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Setting expectations is part of the relationship building process–whether between a boss and a subordinate, or a Lean advocate and the rest of the company.

One of the things that sets the human mind apart from that of animals is our ability to look into the future. That is generally a good thing, but there is one challenge that can come from this. When people look forward, they set expectations in their mind. When reality does not match up with this premonition of the future, anxiety, anger, or a host of other negative emotions can set in.

In general business, part of a boss’s job is setting expectations for her team. She must be clear and fair, and must manage the expectations she sets. When done well, setting expectations reinforces the relationship with her subordinates. They know what is expected of them, and can choose to act accordingly. They also know in advance how success is defined, so they aren’t surprised later.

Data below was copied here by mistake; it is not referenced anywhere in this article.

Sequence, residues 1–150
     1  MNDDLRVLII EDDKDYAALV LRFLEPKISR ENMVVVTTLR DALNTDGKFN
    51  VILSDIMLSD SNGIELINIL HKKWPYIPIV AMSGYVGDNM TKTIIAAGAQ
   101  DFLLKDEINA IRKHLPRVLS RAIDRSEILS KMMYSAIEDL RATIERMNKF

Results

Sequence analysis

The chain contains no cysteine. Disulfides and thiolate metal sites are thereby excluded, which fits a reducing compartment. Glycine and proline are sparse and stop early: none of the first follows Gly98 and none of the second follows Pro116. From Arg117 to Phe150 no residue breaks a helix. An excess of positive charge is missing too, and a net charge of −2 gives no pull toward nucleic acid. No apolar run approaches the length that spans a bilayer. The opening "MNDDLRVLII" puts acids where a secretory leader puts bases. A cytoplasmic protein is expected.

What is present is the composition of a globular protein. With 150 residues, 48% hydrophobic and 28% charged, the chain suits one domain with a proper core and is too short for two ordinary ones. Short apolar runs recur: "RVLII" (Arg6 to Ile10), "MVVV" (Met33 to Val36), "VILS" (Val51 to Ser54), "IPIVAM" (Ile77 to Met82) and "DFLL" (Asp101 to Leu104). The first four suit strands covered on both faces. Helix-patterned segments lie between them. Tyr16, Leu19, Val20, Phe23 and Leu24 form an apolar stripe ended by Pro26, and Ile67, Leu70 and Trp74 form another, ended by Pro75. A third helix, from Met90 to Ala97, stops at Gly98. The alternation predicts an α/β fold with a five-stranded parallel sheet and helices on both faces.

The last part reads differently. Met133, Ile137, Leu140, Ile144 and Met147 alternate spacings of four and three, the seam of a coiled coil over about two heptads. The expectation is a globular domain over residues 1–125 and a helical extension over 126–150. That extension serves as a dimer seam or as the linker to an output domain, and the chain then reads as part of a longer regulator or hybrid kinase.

In Lean, setting expectations about the outcome of a project or an entire implementation is equally important. When Lean is part of a company’s culture, setting these expectations is just part of every manager’s job.

But when a company is just starting Lean, or if there is not general consensus on how it should be applied, it falls on the Lean advocates to not only ‘sell’ Lean to the organization, but also to set expectations on what Lean will deliver. Overpromising can create a minefield that can easily derail Lean efforts.

When setting expectations about what Lean can achieve, it is important to do exactly what leaders do with their team members. Evaluate their skills and potential, and set expectations accordingly. That just means you probably should not promise Toyota-style Lean results when you are just getting started.

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